My mother-in-law’s birthday is coming up, and rather than buying a cliche, over-priced card from the store, I invited William and Corinne to make some art to send her way with a special note on it. We shot these coffee filter flowers off in the mail today, so I haven’t heard her response yet, but I’m sure Nama will feel special and loved by her little grandchildren on her birthday, even if we are several hours away.
To make these super cute flowers, you’ll need the following materials:
~ coffee filters
~ water dyed with food coloring
~ eye droppers (one for each color or water)
~ markers, crayons, and colored pencils and such
~ rags for easy clean-up
You’ll need to prep the coffee filters by ironing them flat. Do this by placing them on the ironing board and then lay a tea towel over them before ironing. By ironing the coffee filters flat, you limit the amount of pooling when you invite your child to paint them using eye droppers and dyed water.
After you’ve ironed the coffee filters, make the dyed water. Add just a few table spoons of water to each container with about ten drops of food coloring each. I only offered primary colors as I wanted William and Corinne to become more familiar with how colors mix to make new colors.
Set your child up at an art workstation, a place where it will be ok to make a bit of a mess (possibly). Place a coffee filter on a rimmed baking sheet. Invite your child to use the eye droppers to paint the filter. I always demonstrate first because my kids typically need a reminder about how to make single drops, instead of just squirting out the entire contents of the dropper at once. Allow your child to saturate each coffee filter with the dyed water.
If you’re looking for super, duper vibrant colors, try using liquid water colors, like Asia did on Fun At Home With Kids. They are just so stinkin’ beautiful!
Anyway, allow to dry. I like to speed things up a bit, (ok…a lot) by placing the coffee filters directly on the racks on my oven, which I set to warm. They’ll be dry in only a few minuets. Meanwhile, you can use a rag to wipe up any extra dyed water from the cookie sheet, and there will be lots of extra water, before offering a new and clean filter to your child.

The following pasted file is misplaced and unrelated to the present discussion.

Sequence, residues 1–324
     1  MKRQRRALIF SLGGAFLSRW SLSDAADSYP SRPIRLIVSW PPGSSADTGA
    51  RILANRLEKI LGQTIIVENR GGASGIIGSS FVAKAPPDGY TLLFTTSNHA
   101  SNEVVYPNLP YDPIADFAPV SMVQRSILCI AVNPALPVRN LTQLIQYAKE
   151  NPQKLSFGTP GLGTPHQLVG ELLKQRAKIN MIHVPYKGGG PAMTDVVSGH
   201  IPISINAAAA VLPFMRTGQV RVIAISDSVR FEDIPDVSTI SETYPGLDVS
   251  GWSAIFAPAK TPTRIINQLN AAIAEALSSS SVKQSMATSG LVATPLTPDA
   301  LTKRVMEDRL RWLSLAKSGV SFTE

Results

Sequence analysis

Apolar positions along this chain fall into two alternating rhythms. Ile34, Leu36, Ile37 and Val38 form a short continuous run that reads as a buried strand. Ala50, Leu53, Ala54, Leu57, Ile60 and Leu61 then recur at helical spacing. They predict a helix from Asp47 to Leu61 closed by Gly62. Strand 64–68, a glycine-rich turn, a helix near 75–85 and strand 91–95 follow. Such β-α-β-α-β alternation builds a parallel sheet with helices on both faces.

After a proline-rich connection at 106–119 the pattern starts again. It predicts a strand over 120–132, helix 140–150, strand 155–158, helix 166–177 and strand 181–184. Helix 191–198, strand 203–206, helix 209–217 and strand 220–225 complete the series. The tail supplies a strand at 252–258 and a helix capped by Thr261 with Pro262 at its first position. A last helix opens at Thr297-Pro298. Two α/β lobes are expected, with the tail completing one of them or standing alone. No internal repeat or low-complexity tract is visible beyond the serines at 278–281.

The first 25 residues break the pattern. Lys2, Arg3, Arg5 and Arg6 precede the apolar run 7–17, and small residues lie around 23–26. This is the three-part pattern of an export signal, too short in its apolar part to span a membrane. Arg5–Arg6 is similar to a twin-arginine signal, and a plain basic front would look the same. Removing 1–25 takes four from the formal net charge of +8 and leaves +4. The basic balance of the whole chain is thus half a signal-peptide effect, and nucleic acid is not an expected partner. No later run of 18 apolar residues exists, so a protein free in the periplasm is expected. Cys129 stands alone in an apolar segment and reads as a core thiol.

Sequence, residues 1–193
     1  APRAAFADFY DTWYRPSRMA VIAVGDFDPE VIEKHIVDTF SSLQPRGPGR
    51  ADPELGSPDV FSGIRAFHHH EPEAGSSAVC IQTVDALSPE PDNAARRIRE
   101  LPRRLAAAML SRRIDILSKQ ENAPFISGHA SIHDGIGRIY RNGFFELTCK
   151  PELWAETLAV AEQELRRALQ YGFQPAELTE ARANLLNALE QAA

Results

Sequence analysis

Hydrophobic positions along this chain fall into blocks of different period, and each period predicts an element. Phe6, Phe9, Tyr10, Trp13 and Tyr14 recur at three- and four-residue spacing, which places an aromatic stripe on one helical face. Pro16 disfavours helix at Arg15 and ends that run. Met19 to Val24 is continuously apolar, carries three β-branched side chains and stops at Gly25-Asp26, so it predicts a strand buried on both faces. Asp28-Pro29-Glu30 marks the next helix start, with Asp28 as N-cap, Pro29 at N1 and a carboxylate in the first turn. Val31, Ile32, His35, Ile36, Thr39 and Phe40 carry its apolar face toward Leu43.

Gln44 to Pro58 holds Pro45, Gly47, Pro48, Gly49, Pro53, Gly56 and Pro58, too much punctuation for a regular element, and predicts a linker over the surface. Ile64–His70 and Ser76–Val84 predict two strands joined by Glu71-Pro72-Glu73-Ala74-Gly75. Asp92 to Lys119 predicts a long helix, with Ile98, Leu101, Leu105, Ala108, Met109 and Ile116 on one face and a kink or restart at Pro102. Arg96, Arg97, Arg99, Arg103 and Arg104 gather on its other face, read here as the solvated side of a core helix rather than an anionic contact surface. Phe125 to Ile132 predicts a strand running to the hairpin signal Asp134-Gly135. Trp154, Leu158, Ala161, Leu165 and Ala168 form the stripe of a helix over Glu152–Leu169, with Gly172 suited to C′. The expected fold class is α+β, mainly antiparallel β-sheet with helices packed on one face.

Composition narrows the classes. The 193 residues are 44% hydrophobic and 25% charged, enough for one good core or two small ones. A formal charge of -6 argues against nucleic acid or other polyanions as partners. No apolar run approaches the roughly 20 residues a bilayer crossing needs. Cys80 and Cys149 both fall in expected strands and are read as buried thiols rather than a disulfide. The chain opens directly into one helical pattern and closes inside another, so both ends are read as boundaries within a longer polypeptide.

Repeat until the desired number of coffee filters have been colored.
After the filters have dried, and you have gazed at how beautifully the colors bled into one another, have your child help you fold the filter into eighths. These do not have to be perfect folds. In fact, the less perfect the more natural and real they will look. Use scissors to trim the curved side, giving the flowers some texture. Finally, fold under the point by about an inch. Now you have a flower waiting to be glued onto a sheet of paper.
And, invite your child to do just that. Glue the coffee filters to a sheet of paper, and have your child finish the flowers by drawing stems, leaves, and grass. Maybe a sun and some birds can be added, too.
At last, I asked William and Corinne to each dictate to me a note to Nama, which I recorded on their artwork just exactly as they told me. Nama will love these precious coffee filter flower masterpieces!